3 Things Keeping You from an Ultra-Clean Bathroom


An immaculate bathroom is hard to find. Considering how much time you spend in your bathroom everyday, keeping it clean and fresh can have a real impact on how you feel. Unfortunately, even after you spend hours cleaning, bathrooms have a tendency to get grimy fast. However, once you look past all the dusty makeup drawers and toothpaste-soiled sinks, it’s clear the real problem isn’t just your messy toiletries; it’s the unsightly buildup that’s embedded in your grout, bathtub, and fixtures.

So to help you score an ultraclean bathroom, we’ve broken down the three areas you really need to focus to keep it clean and sparkling. And while scrubbing these won’t excuse you from your regular wipe-downs, it does ensure a more perfect-looking bathroom. Read ahead for the three things you need to keep clean so your bathroom can really shine.

1. Dirty grout

Anyone with shower tiles knows exactly what dirty grout lines look like. It’s that gross buildup between your tiles that you probably assumed was rust or mold. However, believe it or not, that grout stain is actually bacteria—scientifically known as Serratia marcescens—and it’s making your bathroom appear way dirtier than it actually is. Although generally harmless to humans, grout bacteria grows in moist locations where there’s oily substances to feed on (aka soap residue). And while it’s nearly impossible to get rid of completely, there are plenty of ways to reduce and control these unsightly stains. For a store-bought option consider trying a grout pen or Goo Gone Grout Clean and Restore—a foam that breaks down mold, mildew, soap scum, and other bacteria-triggers. And if all-natural, DIY cleaners are your weapon of choice, you can mix water, vinegar, baking soda, and hydrogen peroxide (and scour with a grout scrubber or toothbrush) for a thoroughly green clean. When you’re all done be sure to coat your shower walls and doors with a water repellant spray (such as Rain-X) to keep the buildup from coming back.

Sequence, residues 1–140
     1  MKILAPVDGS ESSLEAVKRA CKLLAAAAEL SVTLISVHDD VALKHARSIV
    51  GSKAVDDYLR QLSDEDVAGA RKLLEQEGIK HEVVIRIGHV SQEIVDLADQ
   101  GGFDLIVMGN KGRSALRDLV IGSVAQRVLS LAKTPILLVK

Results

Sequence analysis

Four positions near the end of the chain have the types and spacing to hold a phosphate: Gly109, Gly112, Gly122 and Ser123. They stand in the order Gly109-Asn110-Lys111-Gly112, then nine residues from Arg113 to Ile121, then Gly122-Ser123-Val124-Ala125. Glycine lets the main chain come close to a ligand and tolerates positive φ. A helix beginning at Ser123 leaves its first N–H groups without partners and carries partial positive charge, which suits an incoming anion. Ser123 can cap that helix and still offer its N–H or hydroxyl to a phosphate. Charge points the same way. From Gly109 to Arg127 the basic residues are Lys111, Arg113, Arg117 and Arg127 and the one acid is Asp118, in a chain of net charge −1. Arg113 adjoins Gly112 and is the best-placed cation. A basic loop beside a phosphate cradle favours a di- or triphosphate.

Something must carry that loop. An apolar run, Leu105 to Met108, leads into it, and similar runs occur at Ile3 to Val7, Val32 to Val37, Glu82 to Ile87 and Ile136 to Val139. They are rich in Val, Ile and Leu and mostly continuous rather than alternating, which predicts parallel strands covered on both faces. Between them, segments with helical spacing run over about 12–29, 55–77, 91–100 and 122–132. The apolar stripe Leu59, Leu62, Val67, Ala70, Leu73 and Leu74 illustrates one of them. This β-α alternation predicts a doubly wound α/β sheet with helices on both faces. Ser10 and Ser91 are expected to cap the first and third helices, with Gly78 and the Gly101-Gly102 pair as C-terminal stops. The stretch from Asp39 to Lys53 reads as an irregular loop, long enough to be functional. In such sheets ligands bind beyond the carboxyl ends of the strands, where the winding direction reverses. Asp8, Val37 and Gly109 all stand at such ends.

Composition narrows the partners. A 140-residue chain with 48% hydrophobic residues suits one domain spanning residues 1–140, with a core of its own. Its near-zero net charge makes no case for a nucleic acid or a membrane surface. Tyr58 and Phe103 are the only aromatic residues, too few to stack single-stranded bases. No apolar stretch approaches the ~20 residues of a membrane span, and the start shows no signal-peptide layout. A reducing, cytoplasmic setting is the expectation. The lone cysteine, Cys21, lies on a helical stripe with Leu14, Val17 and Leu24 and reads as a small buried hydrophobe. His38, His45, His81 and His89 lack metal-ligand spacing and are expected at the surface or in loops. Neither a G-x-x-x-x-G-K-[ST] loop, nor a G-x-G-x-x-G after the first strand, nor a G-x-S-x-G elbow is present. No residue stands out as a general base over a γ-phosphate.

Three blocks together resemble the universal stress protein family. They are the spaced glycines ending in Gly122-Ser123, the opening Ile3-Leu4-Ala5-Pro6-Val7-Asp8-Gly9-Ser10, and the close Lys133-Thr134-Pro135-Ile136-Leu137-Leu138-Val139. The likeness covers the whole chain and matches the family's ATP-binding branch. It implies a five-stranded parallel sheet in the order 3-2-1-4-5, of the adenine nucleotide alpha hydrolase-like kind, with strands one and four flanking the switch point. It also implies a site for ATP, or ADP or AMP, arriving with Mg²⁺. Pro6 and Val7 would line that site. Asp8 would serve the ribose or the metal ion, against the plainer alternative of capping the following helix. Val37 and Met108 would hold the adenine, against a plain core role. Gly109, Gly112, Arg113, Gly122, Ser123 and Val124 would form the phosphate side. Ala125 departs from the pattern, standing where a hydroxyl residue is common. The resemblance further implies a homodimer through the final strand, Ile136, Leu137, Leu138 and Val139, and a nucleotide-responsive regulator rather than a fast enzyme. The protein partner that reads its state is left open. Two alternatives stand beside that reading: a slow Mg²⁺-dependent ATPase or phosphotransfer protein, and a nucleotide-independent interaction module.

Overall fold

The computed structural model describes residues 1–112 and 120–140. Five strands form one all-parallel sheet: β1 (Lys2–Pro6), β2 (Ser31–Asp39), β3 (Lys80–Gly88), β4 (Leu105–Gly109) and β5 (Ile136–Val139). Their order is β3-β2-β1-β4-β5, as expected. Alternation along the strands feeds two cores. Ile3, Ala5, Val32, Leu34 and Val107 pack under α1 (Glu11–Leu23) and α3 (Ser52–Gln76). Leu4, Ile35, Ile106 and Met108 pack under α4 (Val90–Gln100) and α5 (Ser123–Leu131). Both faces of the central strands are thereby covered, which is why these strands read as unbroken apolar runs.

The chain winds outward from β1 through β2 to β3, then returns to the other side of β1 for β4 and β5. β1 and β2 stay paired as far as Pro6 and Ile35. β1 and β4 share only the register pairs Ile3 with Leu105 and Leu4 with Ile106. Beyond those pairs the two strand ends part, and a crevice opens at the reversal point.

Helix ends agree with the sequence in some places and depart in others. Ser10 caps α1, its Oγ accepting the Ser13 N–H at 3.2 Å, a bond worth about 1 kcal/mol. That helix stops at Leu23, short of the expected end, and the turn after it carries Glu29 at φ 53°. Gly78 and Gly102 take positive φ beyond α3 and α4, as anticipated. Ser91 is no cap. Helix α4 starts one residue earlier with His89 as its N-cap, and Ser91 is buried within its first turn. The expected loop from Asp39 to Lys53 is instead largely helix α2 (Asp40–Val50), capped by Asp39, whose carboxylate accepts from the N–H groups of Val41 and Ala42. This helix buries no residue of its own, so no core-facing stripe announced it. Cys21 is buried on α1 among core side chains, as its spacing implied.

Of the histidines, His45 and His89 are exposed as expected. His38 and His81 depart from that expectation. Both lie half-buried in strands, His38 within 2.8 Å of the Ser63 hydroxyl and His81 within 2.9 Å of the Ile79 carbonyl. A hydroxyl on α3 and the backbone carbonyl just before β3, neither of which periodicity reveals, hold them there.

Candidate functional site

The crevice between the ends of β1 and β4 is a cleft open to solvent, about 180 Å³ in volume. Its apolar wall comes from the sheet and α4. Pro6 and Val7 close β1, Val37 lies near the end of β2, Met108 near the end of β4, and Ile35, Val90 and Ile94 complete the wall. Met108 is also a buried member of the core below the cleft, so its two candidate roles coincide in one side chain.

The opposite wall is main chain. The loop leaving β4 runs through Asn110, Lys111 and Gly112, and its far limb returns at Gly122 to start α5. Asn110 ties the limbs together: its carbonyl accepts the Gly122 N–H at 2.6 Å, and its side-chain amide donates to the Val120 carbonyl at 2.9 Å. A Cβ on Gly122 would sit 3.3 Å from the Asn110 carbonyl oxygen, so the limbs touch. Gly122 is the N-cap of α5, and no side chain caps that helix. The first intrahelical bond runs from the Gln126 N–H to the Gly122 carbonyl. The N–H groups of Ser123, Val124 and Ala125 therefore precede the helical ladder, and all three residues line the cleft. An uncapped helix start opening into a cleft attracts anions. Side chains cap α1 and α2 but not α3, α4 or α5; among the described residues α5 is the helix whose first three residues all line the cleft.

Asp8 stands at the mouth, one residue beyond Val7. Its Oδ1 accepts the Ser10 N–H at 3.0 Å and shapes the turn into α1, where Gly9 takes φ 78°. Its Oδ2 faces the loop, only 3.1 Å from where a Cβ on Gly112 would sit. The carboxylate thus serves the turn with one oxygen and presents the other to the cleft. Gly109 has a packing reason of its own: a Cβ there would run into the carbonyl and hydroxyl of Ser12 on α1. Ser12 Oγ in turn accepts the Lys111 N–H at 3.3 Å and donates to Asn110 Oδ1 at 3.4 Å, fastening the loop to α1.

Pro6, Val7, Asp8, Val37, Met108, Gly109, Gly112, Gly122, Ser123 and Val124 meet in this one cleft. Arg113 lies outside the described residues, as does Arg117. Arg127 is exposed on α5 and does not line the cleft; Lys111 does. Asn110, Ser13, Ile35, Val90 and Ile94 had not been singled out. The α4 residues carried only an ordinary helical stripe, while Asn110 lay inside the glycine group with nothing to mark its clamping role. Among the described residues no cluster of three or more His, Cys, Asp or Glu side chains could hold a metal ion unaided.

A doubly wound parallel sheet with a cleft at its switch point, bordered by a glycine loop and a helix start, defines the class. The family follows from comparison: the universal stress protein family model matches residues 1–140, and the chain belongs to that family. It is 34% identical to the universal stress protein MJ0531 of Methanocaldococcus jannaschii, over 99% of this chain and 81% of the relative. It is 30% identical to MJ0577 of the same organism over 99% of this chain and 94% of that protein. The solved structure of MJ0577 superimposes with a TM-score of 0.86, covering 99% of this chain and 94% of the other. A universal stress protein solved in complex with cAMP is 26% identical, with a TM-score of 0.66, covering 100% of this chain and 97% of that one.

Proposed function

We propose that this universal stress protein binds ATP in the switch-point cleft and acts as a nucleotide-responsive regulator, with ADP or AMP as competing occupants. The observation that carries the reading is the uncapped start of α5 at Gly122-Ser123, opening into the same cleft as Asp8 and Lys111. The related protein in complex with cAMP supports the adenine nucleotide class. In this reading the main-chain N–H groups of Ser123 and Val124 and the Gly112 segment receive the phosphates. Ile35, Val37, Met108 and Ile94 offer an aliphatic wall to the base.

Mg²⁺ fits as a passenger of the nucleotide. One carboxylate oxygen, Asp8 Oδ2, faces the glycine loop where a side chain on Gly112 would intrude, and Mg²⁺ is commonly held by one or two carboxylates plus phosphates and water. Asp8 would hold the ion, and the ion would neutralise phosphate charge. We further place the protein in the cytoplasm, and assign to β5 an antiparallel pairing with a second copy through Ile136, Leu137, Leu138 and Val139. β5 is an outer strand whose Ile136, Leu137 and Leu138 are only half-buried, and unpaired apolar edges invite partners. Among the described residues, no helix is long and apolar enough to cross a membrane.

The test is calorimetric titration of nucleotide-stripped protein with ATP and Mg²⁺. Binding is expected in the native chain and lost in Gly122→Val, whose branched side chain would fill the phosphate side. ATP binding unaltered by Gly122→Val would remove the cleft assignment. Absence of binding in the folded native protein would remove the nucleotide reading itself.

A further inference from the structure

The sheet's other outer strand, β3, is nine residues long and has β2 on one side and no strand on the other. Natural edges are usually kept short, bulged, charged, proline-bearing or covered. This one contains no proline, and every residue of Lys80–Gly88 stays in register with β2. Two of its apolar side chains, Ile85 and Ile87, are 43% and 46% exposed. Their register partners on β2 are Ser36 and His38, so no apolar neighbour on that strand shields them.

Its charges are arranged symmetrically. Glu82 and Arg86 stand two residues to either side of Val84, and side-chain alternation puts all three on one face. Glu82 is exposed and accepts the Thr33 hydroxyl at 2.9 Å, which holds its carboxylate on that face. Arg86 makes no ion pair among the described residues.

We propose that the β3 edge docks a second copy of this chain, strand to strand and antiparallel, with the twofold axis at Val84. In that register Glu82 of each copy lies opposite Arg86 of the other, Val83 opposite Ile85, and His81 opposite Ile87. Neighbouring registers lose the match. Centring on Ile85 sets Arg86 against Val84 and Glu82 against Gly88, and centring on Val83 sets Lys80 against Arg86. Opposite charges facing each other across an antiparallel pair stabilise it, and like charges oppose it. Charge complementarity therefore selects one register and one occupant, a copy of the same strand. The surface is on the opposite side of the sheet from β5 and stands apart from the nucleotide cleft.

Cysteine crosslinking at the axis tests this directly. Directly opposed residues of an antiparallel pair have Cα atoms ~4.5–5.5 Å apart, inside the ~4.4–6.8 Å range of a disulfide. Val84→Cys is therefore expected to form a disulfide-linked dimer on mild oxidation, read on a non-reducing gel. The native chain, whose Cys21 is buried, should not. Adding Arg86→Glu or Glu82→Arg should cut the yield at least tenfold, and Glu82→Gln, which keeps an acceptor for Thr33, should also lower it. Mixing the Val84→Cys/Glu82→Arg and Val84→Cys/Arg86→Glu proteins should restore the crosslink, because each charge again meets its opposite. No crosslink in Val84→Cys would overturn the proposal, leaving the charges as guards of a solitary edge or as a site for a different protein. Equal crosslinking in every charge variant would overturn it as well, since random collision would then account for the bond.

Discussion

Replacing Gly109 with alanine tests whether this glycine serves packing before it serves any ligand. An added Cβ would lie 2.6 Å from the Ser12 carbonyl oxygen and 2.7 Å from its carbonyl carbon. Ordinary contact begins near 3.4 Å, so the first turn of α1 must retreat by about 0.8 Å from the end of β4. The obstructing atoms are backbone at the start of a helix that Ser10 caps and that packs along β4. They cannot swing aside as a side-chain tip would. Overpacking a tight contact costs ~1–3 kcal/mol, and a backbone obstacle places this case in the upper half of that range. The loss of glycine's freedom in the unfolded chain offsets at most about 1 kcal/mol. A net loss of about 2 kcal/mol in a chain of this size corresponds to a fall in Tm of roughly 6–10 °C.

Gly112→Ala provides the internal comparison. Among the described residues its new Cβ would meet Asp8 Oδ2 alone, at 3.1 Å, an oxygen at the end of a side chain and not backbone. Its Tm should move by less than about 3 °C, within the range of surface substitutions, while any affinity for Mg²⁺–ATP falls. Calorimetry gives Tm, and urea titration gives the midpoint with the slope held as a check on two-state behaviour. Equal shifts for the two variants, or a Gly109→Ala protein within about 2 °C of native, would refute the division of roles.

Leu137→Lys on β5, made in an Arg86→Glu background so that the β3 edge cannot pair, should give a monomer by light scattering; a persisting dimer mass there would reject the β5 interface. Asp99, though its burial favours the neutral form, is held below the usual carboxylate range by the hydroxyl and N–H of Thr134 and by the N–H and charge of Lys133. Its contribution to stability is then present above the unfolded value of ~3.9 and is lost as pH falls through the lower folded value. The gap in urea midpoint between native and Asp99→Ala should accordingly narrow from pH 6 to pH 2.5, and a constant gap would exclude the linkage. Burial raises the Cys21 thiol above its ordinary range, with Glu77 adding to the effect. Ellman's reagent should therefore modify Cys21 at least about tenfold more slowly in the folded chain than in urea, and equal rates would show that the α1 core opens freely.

2. A gross bathtub

Bathtubs are breeding grounds for mold, mildew, and other water-inducing buildup. So it’s no surprise they often keep your bathroom from looking perfectly clean. Luckily, there are several ways you can tackle a grimy bathtub and even prevent future stains from spreading. If you’re dealing with a porcelain tub, try using an eco-friendly blend of liquid dishwashing soap, ammonia, baking soda, lemon oil, table salt, and lemon along with a soft scrub or sponge. However, if you’re in possession of an acrylic or enamel tub, it’s best to avoid anything that’s overly acidic. Instead, go for a cream cleanser or homemade paste and let it sit for a solid hour; it’ll help break down the buildup without damaging your bathtub. Of course you can always pick up a heavy-duty cleaner at the store—like X-14 or Ajax—just remember to use sparingly because they can be super abrasive.

3. Faucet and mirror spots

Last, but certainly not least on our list of things keeping you from a squeaky-clean bathroom are hard water stains—specifically those pesky spots on your mirrors and faucets. Caused by large amounts of minerals (including limestone, calcium, and magnesium) in your H2O, moisture-filled rooms such as bathrooms are prime targets for these eyesores. Still, there are lots of easy ways to combat water spots. For mirror stains, you can buy a premade cleaner like Meguiar’s Water Spot Remover and Ettore’s Water Spot Remover Paste, or make your own mix of vinegar, Epsom salt (for scrubbing), and all-natural dish soap. For chrome fixture stains, try a slightly stronger cleaner (such as Lime-A-Way) or simply wipe down your faucet with lemon juice or vinegar (and then scrub with a toothbrush) for a greener clean.

http://ift.tt/2s1NaGP

Advertisements

Leave a Reply

Fill in your details below or click an icon to log in:

WordPress.com Logo

You are commenting using your WordPress.com account. Log Out / Change )

Twitter picture

You are commenting using your Twitter account. Log Out / Change )

Facebook photo

You are commenting using your Facebook account. Log Out / Change )

Google+ photo

You are commenting using your Google+ account. Log Out / Change )

Connecting to %s